“I could stay home and fight for the boys,” he said. “Other people can’t.”

What he wants, he said, is for lawmakers and educators to honestly address the inequities in the way kids with developmental disabilities are treated in many parts of Virginia and do what the law requires.

I asked David Braddock, an autism expert and author of the reports periodically issued called “State of the States in Developmental Disabilities” (published by the American Association on Intellectual and Developmental Disabilities) about how well Virginia addresses the needs of people with autism and whether the experiences of the Hagan family were unusual.

Braddock said that while he does not monitor services in school systems, his research and anecdotal evidence over decades shows that Virginia is one of the states at the lowest end in providing autism services in residential and institutional settings. (He did note, however, that Fairfax County Public Schools has a good reputation for addressing special needs issues.)

I’d be interested in hearing other stories about how well school systems have or have not addressed the needs of children with developmental disabilities. Please write in the comments section or email me at

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By Valerie Strauss  |  December 3, 2009; 6:30 AM ET
Categories:  Special Education  | Tags: special education Save & Share:  Send E-mail   Facebook   Twitter   Digg   Yahoo Buzz   StumbleUpon   Technorati   Previous: A teachable moment for and about the Secret Service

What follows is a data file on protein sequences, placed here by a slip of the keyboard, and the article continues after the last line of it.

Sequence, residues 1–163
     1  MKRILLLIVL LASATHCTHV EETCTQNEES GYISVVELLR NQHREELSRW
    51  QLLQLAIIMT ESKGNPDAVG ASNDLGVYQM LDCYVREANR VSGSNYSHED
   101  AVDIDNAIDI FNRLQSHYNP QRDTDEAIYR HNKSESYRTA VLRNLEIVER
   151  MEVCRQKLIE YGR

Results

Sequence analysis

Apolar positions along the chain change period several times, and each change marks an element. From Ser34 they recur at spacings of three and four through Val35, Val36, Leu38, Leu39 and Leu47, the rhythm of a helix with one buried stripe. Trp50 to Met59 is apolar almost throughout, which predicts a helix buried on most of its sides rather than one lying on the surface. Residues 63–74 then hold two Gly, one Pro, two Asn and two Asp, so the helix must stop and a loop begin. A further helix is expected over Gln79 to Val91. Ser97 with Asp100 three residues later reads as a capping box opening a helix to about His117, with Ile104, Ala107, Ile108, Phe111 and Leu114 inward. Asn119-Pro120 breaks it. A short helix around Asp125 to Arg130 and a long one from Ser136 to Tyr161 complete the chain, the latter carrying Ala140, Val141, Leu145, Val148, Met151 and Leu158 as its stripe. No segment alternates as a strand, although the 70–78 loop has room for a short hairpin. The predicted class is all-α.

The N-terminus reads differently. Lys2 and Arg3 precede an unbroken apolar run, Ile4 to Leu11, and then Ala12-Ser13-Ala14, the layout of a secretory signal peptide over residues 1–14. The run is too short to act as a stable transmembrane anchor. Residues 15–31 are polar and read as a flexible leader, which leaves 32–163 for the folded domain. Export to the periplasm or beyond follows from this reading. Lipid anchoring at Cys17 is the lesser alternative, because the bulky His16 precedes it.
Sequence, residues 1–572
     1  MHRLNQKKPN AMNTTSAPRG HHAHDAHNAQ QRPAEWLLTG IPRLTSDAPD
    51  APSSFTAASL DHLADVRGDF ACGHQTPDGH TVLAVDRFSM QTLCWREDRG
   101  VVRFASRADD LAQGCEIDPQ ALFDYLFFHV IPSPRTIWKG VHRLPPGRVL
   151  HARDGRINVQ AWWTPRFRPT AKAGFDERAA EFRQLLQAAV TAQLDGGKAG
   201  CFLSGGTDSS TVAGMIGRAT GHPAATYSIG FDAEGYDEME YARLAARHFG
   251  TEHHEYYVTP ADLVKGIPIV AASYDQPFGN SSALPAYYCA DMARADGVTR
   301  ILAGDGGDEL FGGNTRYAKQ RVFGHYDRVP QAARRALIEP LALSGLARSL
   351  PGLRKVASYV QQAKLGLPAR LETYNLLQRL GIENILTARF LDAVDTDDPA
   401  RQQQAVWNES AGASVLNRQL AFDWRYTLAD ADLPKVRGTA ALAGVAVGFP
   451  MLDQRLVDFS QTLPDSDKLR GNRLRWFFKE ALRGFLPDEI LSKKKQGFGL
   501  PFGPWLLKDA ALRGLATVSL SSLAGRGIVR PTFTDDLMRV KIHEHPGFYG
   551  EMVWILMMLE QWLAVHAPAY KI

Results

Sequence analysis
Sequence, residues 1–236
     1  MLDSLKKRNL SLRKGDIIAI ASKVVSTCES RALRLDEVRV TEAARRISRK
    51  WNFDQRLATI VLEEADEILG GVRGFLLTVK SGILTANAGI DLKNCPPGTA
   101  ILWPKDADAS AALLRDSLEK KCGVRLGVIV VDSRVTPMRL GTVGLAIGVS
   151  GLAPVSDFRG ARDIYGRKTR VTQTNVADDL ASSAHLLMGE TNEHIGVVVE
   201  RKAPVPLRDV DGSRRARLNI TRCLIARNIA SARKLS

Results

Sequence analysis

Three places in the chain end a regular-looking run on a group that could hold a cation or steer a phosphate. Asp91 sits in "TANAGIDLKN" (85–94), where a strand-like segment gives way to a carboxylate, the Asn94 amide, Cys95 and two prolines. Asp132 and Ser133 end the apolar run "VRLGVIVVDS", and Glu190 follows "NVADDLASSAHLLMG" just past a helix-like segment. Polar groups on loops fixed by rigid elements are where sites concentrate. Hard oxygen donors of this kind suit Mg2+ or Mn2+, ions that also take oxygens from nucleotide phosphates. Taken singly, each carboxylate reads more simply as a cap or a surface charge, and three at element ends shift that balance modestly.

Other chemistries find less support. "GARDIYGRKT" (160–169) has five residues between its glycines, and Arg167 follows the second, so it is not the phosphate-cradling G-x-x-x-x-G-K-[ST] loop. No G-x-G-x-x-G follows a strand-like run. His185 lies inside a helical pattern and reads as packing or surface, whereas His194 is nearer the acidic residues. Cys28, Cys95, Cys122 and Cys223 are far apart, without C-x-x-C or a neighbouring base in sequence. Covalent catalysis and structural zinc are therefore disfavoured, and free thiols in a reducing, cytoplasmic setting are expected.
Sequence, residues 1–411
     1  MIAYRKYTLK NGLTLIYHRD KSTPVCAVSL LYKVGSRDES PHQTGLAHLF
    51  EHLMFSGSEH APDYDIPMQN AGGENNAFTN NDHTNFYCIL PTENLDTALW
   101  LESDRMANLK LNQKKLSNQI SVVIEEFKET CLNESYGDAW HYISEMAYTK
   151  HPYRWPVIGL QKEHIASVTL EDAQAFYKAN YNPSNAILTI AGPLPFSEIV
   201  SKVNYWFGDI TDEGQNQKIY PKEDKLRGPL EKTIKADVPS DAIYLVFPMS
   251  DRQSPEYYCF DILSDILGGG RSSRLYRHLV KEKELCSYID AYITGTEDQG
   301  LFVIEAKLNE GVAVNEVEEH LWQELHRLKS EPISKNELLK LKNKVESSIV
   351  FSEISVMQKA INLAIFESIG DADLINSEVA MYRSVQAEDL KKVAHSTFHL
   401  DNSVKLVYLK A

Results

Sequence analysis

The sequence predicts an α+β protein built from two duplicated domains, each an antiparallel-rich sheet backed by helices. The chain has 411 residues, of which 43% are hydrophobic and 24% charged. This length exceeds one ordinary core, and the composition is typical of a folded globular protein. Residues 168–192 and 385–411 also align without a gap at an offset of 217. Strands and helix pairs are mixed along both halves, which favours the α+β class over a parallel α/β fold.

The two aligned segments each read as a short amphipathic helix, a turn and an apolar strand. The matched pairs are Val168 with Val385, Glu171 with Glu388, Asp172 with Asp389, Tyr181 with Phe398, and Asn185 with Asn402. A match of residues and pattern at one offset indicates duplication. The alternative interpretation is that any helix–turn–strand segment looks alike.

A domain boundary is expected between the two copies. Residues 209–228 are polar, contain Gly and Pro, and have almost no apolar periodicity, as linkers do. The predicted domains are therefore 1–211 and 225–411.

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The question for me is, when does this special treatment, as far as education is concerned, stop. No one in any state is guaranteed a college education, so how can colleges, public or pviate, be required to provide the level of support required of K-12 education.

Posted by: oldwolf53 | December 3, 2009 10:17 AM | Report abuse

Fairfax County may have a good reputation, but our reality was quite different. We have left the school system because of its inability to address specific needs for high-functioning Aspergers.

Posted by: mherd1 | December 3, 2009 1:25 PM | Report abuse

“You would think that once your children graduate from high school with Individual Education Plans, that that information would be communicated to state and community colleges,” Hagan said. “It didn’t happen in Virginia.”

As a teacher this statement is a big red flag about the parents. Parents are provided a copy the IEP and the documentation used to develop it. Why did they choose not to share it with the appropriate post secondary institution. The rules on sharing information about a child are and should be very strict . What if the disability is emotionally disturbed and the child ( now an adult) would rather not share that openly. One of the major problems with special education is the amount of time and resources wasted on CYA instead of providing services to children.
It's very easy to present one side of a story.

Posted by: mamoore1 | December 3, 2009 2:51 PM | Report abuse